They are not going full P cores cause they are worse for performance per die space. Basically, for the same size of a P core, they can extract more performance by using 4 E cores. It's as simple as that. In the future, when for example games start utilizing 12 cores, Intel will increase the P core count. But for now, there is no application out there that would run faster on a fully P cored CPU compared to a P + E core one.
So what you're saying is the P cores and E cores are exactly the same just the E cores are clocked lower as per the AMD example? As I understood it the AMD cores were all the same just the high core count chips were lower clocked but still "full fat" cores?
 
Associate
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So what you're saying is the P cores and E cores are exactly the same just the E cores are clocked lower as per the AMD example? As I understood it the AMD cores were all the same just the high core count chips were lower clocked but still "full fat" cores?
No, that's not what I said, i've no idea where that came from


What I'm saying is, if they went for 16 P cores, they don't have to run them at 5ghz like they run on the 12900k, exactly like AMD is doing. Higher core parts run at lower frequencies to stay within the TDP. So power consumption is not what's stopping Intel from going with 16 / 32/ 48 or whatever number of P cores. That's the least of their concern
 
Soldato
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But for now, there is no application out there that would run faster on a fully P cored CPU compared to a P + E core one.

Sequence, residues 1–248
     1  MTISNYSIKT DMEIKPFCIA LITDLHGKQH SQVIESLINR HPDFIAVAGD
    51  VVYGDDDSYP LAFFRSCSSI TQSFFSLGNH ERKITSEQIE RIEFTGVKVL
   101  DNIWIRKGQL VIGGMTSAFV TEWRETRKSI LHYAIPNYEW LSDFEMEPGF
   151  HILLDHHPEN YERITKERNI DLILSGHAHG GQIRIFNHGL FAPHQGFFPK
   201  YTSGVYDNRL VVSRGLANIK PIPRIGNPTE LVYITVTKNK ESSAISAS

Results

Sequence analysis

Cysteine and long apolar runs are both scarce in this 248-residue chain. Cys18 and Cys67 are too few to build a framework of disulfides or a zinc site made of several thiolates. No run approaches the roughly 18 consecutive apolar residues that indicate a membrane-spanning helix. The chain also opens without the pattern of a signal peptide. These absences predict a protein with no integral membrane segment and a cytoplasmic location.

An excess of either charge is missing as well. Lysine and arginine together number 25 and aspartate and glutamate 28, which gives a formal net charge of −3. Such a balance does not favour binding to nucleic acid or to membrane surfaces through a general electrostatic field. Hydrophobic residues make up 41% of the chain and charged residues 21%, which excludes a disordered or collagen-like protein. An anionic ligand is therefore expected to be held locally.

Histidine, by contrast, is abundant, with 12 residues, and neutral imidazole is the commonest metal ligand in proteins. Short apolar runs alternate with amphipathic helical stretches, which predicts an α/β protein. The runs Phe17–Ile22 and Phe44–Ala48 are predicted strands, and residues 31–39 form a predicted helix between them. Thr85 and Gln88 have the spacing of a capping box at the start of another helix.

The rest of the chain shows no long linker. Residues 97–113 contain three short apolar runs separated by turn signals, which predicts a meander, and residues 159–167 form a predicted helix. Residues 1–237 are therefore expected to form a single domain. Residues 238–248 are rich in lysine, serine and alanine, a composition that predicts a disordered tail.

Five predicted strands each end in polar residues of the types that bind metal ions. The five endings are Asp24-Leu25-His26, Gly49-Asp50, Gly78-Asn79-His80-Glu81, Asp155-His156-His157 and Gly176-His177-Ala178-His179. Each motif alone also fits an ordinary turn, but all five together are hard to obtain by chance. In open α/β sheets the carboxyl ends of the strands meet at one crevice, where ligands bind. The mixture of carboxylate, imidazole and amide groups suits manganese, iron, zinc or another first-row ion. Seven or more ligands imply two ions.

Why make stuff up? That sentence is a load of codswallop, you have literally no empirical data to support that conclusion, just pure guessing. You like to complain about other people, but you do the same.
 
Soldato
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Interesting, that there are no applications that can take advantage of more than 8 full cores as that would exceed the power budget of the current technology. May as well stick with 8 cores then ;)
 
Don
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What I'm saying is, if they went for 16 P cores, they don't have to run them at 5ghz like they run on the 12900k, exactly like AMD is doing. Higher core parts run at lower frequencies to stay within the TDP. So power consumption is not what's stopping Intel from going with 16 / 32/ 48 or whatever number of P cores. That's the least of their concern
Eh? So what is stopping them from making "real" 16/24/32/48/64 core parts?

Also if E cores are "just as good", then why aren't there any E-core only parts? You can get 4 E cores in the same space as a P Core, so surely we could have had a 0P 40E core part by now?
Instead of 38 or 40 Core Xeon parts, we could have had 152 or 160 E Core Xeon's which the server market would be lapping up?